Earlier this year, we wrote about a far-reaching product safety ordinance enacted into law in Albany County, NY (the “County”) entitled “The Toxic Free Toys Act.” At the time, we expressed our concern that numerous issues would arise in the local law’s implementation and enforcement, particularly with respect to those provisions in direct conflict with the federal Consumer Product Safety Improvement Act of 2008. Not surprisingly, in mid-April, a coalition of consumer product associations filed a lawsuit in federal court to challenge the law.
The “Safe to Play Coalition” argued in its Complaint that the Albany County law is pre-empted by both the federal Consumer Product Safety Act (CPSA) and Federal Hazardous Substances Act (FHSA), which regulate the same children’s products that are covered by the ordinance. The coalition asserted that Congress enacted both of these federal laws to ensure nationwide, uniform standards would govern the safety of children’s products rather than a patchwork of state and local regulations.
Rather than answer or move to dismiss the Complaint, in mid-May, the County joined with Plaintiffs in seeking a stay from the court of the proceedings to allow the County time to promulgate regulations implementing the law. The County stated that it expected to complete the regulations by November 1, 2015, and the parties agreed not to litigate until Plaintiffs had a chance to review those regulations to determine whether they should continue with the lawsuit. In any event, the County agreed not to enforce the law (scheduled to take effect in January 2016) or any regulations implemented pursuant to it until six months after any court decision or order on the preemption issue or appellate order. On May 15, the Court granted the requested stay of the proceeding.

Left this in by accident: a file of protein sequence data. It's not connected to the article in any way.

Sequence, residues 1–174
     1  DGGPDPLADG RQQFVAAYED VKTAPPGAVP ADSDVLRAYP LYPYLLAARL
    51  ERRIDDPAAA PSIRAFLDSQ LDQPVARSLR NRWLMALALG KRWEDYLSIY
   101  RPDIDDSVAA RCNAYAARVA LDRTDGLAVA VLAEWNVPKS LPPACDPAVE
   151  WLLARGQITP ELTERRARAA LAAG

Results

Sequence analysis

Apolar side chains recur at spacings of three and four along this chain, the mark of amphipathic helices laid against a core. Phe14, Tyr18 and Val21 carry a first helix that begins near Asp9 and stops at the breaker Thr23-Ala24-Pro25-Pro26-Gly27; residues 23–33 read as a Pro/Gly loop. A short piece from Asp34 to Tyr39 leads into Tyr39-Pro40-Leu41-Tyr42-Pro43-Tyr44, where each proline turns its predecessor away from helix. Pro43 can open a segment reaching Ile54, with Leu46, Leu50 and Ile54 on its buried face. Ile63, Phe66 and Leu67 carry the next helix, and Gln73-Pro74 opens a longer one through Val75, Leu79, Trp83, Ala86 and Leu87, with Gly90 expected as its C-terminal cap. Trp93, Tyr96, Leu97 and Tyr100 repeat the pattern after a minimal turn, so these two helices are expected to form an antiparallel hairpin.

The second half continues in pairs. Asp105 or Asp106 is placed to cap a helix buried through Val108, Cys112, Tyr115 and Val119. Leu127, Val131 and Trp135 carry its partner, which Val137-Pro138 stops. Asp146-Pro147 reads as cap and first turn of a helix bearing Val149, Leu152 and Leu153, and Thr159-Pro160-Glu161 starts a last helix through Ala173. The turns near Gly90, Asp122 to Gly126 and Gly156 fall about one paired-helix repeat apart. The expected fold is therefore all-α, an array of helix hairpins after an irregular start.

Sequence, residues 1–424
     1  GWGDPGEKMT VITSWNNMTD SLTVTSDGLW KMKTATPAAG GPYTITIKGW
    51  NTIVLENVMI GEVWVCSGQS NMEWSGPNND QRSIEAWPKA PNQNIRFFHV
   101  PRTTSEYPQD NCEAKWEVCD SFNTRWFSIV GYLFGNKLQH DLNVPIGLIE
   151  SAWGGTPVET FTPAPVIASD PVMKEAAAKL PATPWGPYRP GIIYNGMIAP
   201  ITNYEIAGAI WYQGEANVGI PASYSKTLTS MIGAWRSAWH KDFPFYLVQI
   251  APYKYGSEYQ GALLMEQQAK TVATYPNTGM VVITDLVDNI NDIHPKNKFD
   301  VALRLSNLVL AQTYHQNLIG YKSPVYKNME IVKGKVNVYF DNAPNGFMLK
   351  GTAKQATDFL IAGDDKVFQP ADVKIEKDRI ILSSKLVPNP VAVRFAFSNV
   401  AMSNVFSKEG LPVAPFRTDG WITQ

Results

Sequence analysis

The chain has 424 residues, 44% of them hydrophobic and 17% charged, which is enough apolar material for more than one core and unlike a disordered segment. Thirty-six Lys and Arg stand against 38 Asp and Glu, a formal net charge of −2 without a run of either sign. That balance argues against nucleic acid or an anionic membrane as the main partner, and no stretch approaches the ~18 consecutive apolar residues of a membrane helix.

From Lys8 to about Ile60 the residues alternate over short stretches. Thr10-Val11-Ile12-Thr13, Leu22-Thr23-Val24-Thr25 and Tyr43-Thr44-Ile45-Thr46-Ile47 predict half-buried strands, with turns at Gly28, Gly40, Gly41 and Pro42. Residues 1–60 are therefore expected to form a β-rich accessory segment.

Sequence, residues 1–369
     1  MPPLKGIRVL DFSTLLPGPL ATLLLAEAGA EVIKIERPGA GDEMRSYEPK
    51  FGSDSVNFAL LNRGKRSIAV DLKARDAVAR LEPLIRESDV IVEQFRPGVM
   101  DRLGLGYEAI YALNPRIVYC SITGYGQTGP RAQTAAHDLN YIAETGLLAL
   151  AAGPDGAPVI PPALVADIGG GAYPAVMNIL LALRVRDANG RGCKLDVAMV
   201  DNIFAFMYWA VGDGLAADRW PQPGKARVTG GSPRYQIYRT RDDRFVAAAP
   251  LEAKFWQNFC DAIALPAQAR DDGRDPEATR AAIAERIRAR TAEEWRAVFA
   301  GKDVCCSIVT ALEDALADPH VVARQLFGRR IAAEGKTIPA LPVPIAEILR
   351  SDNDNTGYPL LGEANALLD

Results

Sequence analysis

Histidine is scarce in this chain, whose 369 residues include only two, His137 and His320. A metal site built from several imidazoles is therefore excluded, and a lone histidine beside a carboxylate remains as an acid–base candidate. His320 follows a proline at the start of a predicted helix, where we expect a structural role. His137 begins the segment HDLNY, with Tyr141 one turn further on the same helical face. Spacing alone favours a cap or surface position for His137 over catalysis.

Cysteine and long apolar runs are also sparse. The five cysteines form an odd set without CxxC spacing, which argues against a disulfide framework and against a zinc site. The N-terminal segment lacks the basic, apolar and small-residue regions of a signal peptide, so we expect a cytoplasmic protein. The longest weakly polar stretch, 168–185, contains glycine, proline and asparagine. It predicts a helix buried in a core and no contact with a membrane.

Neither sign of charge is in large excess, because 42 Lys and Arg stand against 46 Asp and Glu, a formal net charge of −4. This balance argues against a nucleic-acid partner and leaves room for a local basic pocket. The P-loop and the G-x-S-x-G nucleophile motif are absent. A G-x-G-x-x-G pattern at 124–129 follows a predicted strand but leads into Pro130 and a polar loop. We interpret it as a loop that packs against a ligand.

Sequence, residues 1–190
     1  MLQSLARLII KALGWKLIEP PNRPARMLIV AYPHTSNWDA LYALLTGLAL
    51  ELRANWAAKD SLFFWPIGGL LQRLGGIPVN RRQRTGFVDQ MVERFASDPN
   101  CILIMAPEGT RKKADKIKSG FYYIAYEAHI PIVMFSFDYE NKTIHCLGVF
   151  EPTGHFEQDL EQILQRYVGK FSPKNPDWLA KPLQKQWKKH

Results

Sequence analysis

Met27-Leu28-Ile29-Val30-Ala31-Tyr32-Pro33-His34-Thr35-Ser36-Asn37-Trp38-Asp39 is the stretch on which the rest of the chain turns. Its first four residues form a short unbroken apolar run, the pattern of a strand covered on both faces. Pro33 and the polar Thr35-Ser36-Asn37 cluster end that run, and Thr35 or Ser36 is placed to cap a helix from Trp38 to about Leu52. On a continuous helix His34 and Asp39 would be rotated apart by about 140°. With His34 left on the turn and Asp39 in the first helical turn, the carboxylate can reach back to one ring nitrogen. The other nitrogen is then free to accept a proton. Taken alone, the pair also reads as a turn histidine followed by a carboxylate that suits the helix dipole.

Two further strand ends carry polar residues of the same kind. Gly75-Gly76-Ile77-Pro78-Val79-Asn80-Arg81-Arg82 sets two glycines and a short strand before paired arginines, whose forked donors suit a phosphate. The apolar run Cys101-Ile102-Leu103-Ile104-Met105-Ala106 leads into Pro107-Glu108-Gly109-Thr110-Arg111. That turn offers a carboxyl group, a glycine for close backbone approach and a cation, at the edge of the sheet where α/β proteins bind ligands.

Despite this litigation and publicity surrounding the law, much of it negative, other New York counties including Suffolk, Duchess, and Onondaga continue to consider, and in the case of Westchester County enact, similar local “children’s product safety” laws. For the same reasons stated in our initial blog post on this subject, we believe that while the motive behind such laws is well-intentioned, these ordinances tend to create confusion and cause more harm than good, particularly adverse economic ramifications. Product safety regulation is best left to the federal government, and in some cases, state governments. Ironically, just a few months after Albany County had passed its ordinance, the New York State Assembly passed the “Child Safe Products Act” (A5612) which also seeks to regulate “toxic chemicals” in children’s products by requiring New York State to publish a list of toxic chemicals, require disclosure of their use in children’s products, and eventually ban their use. Should that state bill become law, the parties to the litigation may need to address that as well should the case proceed.